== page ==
Plants come in both male and female genders, but the marijuana plant that we consume is always a female plant.
Cannabis is a dioecious plant, meaning different varieties have either male or female reproductive organs. Female plants can be grown with males present if you’re aiming for cross-pollination and new genetics. Otherwise, they can be grown in isolation, which would result in sensimilla — large buds devoid of seeds. Either way, all the resinous bud that’s consumed as marijuana comes from female plants.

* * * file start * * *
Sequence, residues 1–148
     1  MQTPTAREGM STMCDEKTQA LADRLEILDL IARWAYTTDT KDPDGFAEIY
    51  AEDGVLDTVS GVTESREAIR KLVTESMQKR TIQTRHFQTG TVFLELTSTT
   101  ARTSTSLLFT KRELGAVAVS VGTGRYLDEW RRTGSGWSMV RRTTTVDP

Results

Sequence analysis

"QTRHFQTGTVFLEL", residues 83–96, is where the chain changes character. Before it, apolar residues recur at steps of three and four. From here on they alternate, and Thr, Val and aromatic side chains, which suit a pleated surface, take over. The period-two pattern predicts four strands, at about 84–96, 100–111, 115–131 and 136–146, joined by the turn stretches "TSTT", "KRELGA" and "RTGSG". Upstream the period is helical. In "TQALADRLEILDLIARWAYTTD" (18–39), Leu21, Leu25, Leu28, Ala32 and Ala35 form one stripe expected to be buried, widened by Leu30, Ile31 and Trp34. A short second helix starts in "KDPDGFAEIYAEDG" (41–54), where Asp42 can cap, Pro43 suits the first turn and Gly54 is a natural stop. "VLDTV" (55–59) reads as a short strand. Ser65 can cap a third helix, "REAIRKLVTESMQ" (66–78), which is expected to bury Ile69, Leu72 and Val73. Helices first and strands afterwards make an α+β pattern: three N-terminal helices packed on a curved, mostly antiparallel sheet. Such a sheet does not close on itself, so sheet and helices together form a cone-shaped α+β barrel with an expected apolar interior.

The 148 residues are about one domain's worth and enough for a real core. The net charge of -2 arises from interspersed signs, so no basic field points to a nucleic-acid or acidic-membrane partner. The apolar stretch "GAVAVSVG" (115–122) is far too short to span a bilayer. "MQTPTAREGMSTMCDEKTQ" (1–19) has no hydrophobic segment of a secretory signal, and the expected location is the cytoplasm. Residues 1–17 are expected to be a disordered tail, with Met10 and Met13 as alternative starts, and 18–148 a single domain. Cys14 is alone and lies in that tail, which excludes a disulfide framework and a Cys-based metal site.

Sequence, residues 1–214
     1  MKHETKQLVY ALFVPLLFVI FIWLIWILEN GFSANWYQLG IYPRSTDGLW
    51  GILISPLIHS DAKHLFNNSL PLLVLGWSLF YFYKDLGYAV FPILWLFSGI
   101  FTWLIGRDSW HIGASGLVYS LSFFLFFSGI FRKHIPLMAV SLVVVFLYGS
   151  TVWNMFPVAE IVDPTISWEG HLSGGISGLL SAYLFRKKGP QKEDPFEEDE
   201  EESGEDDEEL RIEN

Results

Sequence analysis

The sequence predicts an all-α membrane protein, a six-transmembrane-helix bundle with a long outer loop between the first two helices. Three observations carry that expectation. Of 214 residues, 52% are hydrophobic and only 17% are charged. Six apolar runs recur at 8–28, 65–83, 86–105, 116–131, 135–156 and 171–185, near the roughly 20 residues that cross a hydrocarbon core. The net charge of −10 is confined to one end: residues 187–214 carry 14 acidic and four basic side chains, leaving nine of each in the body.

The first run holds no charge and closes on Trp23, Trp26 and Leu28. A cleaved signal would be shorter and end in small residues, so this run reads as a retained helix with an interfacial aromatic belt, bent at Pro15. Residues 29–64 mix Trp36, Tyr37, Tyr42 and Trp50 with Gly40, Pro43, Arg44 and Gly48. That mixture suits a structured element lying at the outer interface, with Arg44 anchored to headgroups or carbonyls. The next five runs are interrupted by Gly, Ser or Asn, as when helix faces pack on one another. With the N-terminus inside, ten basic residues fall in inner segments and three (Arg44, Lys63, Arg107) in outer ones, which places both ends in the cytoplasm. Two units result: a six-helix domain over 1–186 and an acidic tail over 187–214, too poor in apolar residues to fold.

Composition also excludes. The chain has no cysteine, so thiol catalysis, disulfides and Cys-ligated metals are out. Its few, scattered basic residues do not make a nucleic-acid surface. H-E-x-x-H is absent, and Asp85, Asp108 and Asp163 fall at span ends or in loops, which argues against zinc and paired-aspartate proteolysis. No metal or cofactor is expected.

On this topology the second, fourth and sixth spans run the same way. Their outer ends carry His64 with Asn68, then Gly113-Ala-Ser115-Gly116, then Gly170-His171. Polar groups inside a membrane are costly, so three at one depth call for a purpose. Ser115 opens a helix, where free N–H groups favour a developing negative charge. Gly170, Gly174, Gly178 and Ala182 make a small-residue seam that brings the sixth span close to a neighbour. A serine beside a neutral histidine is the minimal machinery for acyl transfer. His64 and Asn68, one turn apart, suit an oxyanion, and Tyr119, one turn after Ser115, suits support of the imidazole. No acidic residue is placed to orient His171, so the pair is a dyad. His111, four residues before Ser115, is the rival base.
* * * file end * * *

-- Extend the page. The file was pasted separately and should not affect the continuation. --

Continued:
While esoteric, it’s not impossible for laypeople to distinguish male from female plants. You can start by looking at the plant’s nodes — where the branch meets the stem. Pre-flowers occupy the nodes and are one of the defining factors in telling male from female. A male pre-flower looks like a tiny round ball, while a female pre-flower looks almost the same, but has thin hairs or “stigma” peeking out of it. About a month into the grow cycle is when you’ll be able to notice the pre-flowers and determine their gender.
If you want your female plants to grow big and strong, remove the males from the garden as soon as possible — as in, as soon as you can tell that they’re male.
While both the male and female plants are equally important for the diversity and longevity of the species, female plants can exist without males. If you only want female plants, you can guarantee this by getting clones or feminized seeds.